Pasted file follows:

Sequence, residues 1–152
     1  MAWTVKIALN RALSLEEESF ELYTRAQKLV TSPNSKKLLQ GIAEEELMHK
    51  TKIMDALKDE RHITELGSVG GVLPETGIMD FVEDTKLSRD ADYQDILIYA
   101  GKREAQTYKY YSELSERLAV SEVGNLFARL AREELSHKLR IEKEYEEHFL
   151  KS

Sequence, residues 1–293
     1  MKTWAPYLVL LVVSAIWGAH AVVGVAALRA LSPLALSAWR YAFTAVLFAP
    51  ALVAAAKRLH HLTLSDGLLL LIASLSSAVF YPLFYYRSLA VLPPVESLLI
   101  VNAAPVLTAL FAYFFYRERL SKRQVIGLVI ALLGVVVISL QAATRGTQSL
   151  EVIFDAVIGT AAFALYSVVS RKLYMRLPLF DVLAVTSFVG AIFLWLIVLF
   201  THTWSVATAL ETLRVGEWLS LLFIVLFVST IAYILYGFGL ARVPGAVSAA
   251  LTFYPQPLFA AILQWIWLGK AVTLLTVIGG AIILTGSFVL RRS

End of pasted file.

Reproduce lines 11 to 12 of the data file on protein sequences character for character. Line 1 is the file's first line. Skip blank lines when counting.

   201  THTWSVATAL ETLRVGEWLS LLFIVLFVST IAYILYGFGL ARVPGAVSAA
   251  LTFYPQPLFA AILQWIWLGK AVTLLTVIGG AIILTGSFVL RRS